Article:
Christian Nsiah, BW finance professor

Dr. Christian Nsiah demonstrates how labor unions can discourage discrimination against obese women in the workplace.

International Journal Publishes Finance Professor's Labor Union Study

June 7, 2016

Christian Nsiah, BW finance professorA study that demonstrates how labor unions can protect against discrimination in the workplace is one of two manuscripts by Baldwin Wallace finance professor Christian Nsiah, Ph.D. that were recently published in international journals.

Economics Bulletin published Dr. Nsiah's study that asked, "Do unions reduce the wage penalty experienced by obese women?," cowritten with Ron Debeaumont of Black Hills State University. Nsiah and Debeaumont have collaborated in the past to discuss the protection provided by unions to females with children.

Protection by Unions

Nsiah explains, "Most people argue that unions have outlived their usefulness to workers and act as more of a political organization in modern American society. Our results show union membership still helps protects the rights of individuals against workplace discrimination."

Their research, including this most recent manuscript, takes a new look at unions to explore how they bridge the societal wage inequality gap, where overweight women generally receive lower compensation for their work when compared to thinner women. Nsiah and Debeaumont explain how unions provide protection of overweight women by eliminating this bias and inequality.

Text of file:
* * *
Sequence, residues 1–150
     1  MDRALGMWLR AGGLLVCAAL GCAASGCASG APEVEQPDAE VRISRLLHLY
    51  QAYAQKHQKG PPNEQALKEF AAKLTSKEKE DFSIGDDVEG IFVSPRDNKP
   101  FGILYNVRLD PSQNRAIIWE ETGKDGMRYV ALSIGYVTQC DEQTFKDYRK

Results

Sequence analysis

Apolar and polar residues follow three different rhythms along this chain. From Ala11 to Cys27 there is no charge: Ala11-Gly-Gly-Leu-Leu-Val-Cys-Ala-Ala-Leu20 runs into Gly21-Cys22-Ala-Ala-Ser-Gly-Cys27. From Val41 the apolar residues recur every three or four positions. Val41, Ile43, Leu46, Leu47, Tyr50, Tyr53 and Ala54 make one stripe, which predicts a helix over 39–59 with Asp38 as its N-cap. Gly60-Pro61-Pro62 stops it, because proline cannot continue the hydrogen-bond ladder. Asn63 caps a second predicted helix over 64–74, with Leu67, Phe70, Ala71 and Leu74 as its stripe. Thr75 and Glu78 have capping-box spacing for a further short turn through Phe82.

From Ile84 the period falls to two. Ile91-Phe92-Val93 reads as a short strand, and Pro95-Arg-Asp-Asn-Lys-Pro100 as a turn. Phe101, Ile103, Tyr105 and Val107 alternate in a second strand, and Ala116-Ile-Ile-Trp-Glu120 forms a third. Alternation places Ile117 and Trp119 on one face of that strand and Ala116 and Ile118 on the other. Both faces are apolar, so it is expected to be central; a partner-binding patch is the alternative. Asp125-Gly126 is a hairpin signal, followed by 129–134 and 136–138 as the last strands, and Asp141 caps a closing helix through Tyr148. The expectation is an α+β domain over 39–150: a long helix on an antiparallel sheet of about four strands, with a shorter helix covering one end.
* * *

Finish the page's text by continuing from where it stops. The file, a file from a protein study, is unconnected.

An Analysis of Economic Growth in Africa

Journal of Developing Areas coverNsiah also had a paper published by The Journal of Developing Areas, "The spatial effects on the rate of economic growth: Evidence from Sub-Saharan Africa," was co-written with Bichaka Fayissa from Middle Tennessee State University & Chen Wu from Southeast Missouri State University.

Their collaborative research examines how bordering countries affect one another's economic growth, pushes for policy makers in Africa to direct their policies at these clusters of economically-similar countries, and calls for improvement in infrastructure development and capital formation.